Saturday, November 7, 2009

What To Do With Halloween Leftovers

If you have a bunch of chocolate candy left over from Halloween and are starting to think about tossing it out or bringing it to the office then try this fun recipe instead. When I first saw this post on Noble Pig I laughed and sent it to my resident candy expert and it was declared a must-try.

Please visit Noble Pig for the recipe I used. It is my favorite cooking blog, just yummy home cooking and I have yet to try anything I didn't love off of her site. Click for recipe here.

I used slightly less than 2 cups of chopped candy which included Reeses Peanut Butter Cups, M&M's, Peanut M&M's, Baby Ruth, Nestle Crunch, Whoppers, 1000 Grand, and Butterfingers. You can see the M&M's gave a little color to the cake. The only variation to the recipe is that I coated the bundt pan in cooking spray and sugar instead of flour.

Here is the batter with all the candy going in:
From Food

Here is a slice of the finished bundt cake. This was a real winner and it is fun trying to pick out what melty gooey candy you're eating.
From Food

Sunday, November 1, 2009

No Spending Challenge: The End!

The ghouls and goblins arrived which heralded the end of October. Thank goodness.

I was not able to do the daily posts like I hoped to track everything, so here is the final tally of our attempt at significantly decreasing our spending:

Last Tally for Days 19-31:
Baseline Avg Spending Combined: $1,823.14
Actual Spending Combined: $605.98
Savings: $1,217.16

As you can see we were getting a bit tired in the second half of the month. I give major kudos to those bloggers who have done this hardcore and not spent a dime, it was tough for us. The majority of the $605 was spent on groceries, the liquor store (weekend company!) plus some miscellaneous stuff.

So how did we do overall? It wasn't a total bust though I am a little disappointed in how dedicated we were. Here is the final breakdown for October:

October Tally:
Total Baseline Avg Spending: $4,266
Total Actual Spending: $1,468
Total Savings: $2,797
Original Savings Goal: $3,000 ($203 short)

We spent only 34% of our average spending previously, which is certainly good. We came close to the $3000 target but fell a little short. We paid off 2 bills we wanted gone and that felt great.

Lessons Learned:
1. This is a lot harder than it looks, if you are trying to be strict.
2. Set a firm food budget. For me this was the hardest area to control. I have a very hard time keeping the grocery bill to a minimum mostly because I buy a lot of organics or sustainably raised food which costs more, but I think is worth it. Hubby & kids seemed to be a sense of panic whenever the pantry got too low (like i was trying to starve the family or something). I also just really enjoy food and cooking so I always want to try new things, hard for me to say no!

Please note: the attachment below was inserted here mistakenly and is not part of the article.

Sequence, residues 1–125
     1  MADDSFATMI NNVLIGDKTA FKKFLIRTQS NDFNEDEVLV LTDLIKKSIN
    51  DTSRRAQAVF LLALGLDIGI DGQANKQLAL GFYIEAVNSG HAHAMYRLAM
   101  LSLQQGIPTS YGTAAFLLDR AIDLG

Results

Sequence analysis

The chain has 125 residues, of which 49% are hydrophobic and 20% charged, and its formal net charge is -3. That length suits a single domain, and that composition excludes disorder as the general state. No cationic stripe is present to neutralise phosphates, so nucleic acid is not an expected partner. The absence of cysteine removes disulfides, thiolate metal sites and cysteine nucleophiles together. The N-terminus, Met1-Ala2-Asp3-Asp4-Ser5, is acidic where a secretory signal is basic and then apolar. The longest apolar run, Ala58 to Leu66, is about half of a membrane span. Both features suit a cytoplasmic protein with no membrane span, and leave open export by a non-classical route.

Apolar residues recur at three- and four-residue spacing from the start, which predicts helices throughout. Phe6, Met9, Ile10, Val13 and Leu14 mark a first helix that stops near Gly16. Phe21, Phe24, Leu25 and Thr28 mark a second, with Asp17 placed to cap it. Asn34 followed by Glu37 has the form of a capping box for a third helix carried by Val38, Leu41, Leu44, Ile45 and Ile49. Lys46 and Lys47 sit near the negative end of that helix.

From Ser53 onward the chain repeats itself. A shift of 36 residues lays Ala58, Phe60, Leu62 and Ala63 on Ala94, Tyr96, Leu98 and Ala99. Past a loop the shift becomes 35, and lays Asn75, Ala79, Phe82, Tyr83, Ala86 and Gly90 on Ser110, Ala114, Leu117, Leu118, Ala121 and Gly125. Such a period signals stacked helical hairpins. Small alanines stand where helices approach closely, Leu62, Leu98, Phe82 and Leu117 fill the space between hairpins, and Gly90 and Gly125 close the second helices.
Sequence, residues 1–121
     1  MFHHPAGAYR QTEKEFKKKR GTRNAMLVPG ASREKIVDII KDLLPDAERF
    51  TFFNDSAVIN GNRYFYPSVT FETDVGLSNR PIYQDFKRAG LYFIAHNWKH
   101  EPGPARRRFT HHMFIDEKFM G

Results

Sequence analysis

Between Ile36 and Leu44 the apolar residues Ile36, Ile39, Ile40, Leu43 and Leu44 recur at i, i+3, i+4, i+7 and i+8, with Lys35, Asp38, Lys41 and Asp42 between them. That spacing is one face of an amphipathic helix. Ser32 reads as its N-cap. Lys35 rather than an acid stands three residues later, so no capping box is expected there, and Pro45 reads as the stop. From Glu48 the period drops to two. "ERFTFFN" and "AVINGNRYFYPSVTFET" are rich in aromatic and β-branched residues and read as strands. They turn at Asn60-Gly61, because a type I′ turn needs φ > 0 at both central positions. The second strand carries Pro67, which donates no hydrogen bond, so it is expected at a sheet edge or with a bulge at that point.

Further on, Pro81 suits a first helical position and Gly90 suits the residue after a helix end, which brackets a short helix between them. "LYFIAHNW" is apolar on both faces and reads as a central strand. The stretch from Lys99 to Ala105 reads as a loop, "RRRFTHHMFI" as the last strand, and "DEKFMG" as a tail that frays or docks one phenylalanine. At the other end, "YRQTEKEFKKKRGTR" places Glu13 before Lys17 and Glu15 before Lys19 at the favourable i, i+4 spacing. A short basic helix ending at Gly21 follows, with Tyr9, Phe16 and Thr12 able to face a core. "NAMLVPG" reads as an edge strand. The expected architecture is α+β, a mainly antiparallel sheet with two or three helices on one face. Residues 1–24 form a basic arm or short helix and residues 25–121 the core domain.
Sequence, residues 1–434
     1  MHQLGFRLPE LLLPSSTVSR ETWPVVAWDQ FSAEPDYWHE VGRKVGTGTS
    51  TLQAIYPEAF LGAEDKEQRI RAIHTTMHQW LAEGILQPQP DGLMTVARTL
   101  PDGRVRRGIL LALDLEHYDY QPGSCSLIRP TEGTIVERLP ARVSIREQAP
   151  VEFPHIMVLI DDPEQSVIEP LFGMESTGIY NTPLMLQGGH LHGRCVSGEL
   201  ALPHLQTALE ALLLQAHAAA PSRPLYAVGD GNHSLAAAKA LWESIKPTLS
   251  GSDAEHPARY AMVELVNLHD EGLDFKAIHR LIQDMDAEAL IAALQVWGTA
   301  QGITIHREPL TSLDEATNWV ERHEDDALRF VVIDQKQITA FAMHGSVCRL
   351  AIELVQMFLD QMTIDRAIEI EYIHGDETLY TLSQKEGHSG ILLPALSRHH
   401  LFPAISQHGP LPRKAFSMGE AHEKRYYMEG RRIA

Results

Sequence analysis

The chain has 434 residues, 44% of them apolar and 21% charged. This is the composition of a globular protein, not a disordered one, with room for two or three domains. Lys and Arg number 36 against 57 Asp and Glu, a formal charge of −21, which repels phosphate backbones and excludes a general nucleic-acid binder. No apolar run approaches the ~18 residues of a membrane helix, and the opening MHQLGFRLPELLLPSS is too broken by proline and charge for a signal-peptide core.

3. You need to have a plan for the unexpected. We had a few house issues that cost money, not a lot but still things we had to stop and decide what was worth spending money on and where do you draw the line?
4. Everyone needs to be vested in the process. I think we were both pretty good at this, but we probably could have been better at deciding to go really hardcore, i.e. spend less than we did.
5. Plan for kids and their expenditures. We told our kids what we are doing and why and they were sort of OK about it, only whining occasionally. But we had a few times where they had activities costs we were unsure of how to approach. So this is what I did:
Did NOT Buy: school pictures, clothes or shoes, toys. DID Buy: Friend's birthday present for a party, some small special food requests not on the menu, school lunches, 1 school party: tickets & & food. I'm not sure we really tackled this area the best though it could have been worse, I fended off a request for something that costs money almost daily.
6. Be concrete over what is discretionary and what is not. Medical costs hit us a couple times and it wasn't something we planned for but I optioned to add it as a bill and not discretionary. Car maintenance is another area we struggled with (became a bit of both discretionary and non).

The Fallout:
All in all we are really happy we did this, it proved we can spend less and save money. In fact we've been talking about doing this maybe quarterly, January for sure (post-Christmas freeze).
Looking at what we spent what we saved and how tight things felt, we decided to set a goal of saving $1000 a month going forward. I think this is doable as long as we don't go back to our old ways or don't have some big expenditures we are unprepared for. That $1k would be going to an emergency fund to help pay for the things that creep up on us. Also, we are planning on traveling to either Italy or Egypt next year and both options are expensive so we have a lot of money to save up in the next 6-9 months.

Happy Saving!